Comment by michael blue on October 10, 2012 at 12:52pm
September 30, 2012

The New York Times

Copyright 2012 The New York Times Company. All Rights Reserved.

GREETINGS, unhappy homeowners! Here's some wonderful news:

''We are canceling the remaining amount you owe Chase!'' says a letter that JPMorgan Chase sent recently to thousands of home loan borrowers. ''You are approved for a full principal forgiveness of your Home Equity Account,'' says another, from Bank of America.

Jackie Esposito, of Guilford, Conn., got a letter like that. But she wasn't elated -- because she doesn't owe the money anymore. She and her husband filed for bankruptcy three years ago. The roughly $64,000 they owed Chase has been legally wiped out.

What's going on?

Cast your mind back to February. Five of the nation's big banks, including Chase and Bank of America, agreed to pay $25 billion to settle state and federal claims over questionable mortgage practices and promised to work harder to help borrowers who were in trouble. To prod the banks, the government said it would give them credits against the amounts they agreed to pay.

So, to the ire of customers who couldn't get banks to work with them before, banks are now forgiving debts that no longer exist.

''When I got this letter that said they were going to relieve our debt, I just about fell over,'' Ms. Esposito said last week. ''You can't forgive a debt that you're legally unable to collect.''

Others have received similar letters about phantom debts. A borrower in Florida received word this month that Chase was erasing $190,065.10 of debt that had already been wiped out. Bank of America told a Virginia resident that a $231,767 home equity loan was being forgiven, even though the debt was discharged last May.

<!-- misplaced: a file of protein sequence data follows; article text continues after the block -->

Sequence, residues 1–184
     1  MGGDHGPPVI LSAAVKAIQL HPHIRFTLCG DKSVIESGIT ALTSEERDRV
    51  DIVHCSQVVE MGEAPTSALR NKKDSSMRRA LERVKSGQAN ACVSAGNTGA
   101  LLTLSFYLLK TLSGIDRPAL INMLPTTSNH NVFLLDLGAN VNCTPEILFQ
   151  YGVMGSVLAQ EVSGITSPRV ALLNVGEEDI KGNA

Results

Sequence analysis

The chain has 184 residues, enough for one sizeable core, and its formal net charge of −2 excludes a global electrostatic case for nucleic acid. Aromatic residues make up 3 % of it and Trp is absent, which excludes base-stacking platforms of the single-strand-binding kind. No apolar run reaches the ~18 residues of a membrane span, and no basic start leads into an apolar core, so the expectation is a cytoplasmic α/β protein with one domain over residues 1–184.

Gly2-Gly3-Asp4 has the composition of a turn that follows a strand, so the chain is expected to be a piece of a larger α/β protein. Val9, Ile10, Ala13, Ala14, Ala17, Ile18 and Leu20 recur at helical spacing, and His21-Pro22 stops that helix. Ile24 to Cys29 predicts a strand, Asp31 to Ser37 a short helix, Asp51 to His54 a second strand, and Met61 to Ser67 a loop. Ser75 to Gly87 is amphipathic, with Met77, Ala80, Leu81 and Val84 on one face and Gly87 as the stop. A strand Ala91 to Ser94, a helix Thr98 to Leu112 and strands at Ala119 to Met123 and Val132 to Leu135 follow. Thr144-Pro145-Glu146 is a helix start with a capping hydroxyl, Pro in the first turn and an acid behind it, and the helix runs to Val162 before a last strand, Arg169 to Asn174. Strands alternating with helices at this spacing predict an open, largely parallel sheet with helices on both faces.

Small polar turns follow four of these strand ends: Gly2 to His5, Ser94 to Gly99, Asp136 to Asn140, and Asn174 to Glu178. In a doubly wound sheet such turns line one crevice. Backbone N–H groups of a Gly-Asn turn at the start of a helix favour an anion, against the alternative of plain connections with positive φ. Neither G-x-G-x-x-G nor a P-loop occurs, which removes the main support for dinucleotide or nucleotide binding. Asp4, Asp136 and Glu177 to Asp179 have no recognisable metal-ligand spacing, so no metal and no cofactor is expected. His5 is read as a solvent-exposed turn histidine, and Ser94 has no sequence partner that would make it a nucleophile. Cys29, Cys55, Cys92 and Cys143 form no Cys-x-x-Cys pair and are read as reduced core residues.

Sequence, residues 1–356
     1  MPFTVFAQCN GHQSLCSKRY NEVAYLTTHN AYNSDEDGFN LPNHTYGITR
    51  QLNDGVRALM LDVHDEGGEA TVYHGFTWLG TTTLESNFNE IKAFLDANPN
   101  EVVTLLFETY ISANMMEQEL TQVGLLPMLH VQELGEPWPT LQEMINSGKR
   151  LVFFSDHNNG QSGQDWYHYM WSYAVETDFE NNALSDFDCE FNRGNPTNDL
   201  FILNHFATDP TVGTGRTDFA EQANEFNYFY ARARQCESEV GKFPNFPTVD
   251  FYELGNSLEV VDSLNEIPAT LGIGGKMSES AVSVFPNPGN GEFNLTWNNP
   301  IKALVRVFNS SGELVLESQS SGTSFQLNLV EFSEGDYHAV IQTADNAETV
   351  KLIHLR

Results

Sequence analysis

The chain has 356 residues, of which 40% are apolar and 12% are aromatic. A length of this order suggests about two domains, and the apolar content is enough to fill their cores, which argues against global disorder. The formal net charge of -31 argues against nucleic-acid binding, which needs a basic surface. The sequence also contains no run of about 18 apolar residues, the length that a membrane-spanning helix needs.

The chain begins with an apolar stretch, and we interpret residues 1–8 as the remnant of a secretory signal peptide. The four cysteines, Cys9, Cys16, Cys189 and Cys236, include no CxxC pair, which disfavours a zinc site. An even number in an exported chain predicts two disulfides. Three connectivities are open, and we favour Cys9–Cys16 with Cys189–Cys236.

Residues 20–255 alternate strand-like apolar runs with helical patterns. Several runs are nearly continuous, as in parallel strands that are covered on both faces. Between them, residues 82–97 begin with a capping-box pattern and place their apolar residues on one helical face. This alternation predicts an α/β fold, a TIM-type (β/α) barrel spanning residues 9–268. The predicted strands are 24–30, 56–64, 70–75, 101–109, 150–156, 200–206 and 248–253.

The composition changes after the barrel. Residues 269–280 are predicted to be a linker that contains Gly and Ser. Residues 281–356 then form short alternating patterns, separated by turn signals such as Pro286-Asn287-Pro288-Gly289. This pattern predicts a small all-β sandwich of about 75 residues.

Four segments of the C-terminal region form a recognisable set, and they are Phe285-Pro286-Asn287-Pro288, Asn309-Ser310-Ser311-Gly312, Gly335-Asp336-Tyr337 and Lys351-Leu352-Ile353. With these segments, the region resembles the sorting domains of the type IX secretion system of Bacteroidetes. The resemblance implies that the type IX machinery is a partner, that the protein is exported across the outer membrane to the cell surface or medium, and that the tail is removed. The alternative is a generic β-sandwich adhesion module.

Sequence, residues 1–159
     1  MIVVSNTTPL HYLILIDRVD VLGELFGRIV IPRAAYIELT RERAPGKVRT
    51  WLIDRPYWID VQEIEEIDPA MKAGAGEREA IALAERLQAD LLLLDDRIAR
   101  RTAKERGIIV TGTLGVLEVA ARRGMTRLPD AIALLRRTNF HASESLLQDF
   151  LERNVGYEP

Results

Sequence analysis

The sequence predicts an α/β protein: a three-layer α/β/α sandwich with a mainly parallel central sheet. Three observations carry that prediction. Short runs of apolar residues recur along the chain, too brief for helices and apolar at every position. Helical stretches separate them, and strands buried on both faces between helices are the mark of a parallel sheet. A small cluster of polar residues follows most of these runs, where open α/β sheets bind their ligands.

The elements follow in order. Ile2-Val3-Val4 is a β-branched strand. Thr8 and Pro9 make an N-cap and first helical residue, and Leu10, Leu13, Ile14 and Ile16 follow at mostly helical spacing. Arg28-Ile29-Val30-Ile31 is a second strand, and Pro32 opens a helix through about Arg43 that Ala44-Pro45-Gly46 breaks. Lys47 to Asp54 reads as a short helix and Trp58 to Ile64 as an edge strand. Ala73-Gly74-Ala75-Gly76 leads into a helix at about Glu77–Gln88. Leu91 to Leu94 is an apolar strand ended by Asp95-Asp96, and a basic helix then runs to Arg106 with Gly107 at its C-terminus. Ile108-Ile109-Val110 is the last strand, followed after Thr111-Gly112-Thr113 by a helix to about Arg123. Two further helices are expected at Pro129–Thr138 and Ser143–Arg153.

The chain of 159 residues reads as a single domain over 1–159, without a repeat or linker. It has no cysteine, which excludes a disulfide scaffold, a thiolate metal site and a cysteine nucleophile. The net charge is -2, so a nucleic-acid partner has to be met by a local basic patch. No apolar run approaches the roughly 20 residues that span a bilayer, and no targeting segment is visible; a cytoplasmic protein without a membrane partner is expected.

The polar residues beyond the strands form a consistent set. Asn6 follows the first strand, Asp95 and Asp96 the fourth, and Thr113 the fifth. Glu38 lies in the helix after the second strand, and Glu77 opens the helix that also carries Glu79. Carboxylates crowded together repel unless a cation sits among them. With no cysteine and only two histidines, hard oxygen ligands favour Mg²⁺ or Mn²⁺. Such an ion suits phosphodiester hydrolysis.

Neil Crane is a lawyer in Hamden, Conn., who represented Ms. Esposito and her husband in their bankruptcy. He says four of his other clients have recently received letters from banks claiming to forgive discharged debt.

''I never thought in my wildest dreams that the banks would do this properly,'' Mr. Crane said last week. ''But I think it's really wrong to be foreclosing on mortgages you don't own and relinquishing debt you don't own.''

It's bad enough that these letters are inaccurate. But even worse are the tax problems that they may create for people like Ms. Esposito. In most cases, the Internal Revenue Service considers debt that is forgiven to be taxable income. One exception occurs in bankruptcy; when a debt is discharged, it is not taxable.

But the letters sent by Chase and Bank of America clearly warn that the forgiveness will be reported to the I.R.S. If so, these borrowers may have to prove that the banks erred in claiming to have forgiven the debts.

I ASKED spokesmen for Chase and Bank of America how they could forgive debts that no longer existed. Both gave the same unsatisfying answer. Very similar letters had been sent, both banks said, to two very different types of borrowers. One set of borrowers has outstanding debt that the banks are offering to forgive. The other set has had their debts discharged in bankruptcy, but the bank still holds a lien against their properties. Releasing the liens provides a benefit to borrowers when they go to sell their homes, and both banks said the letters were intended to notify borrowers whose liens were being released.

Why not take care to write letters specifically tailored to each borrower's situation?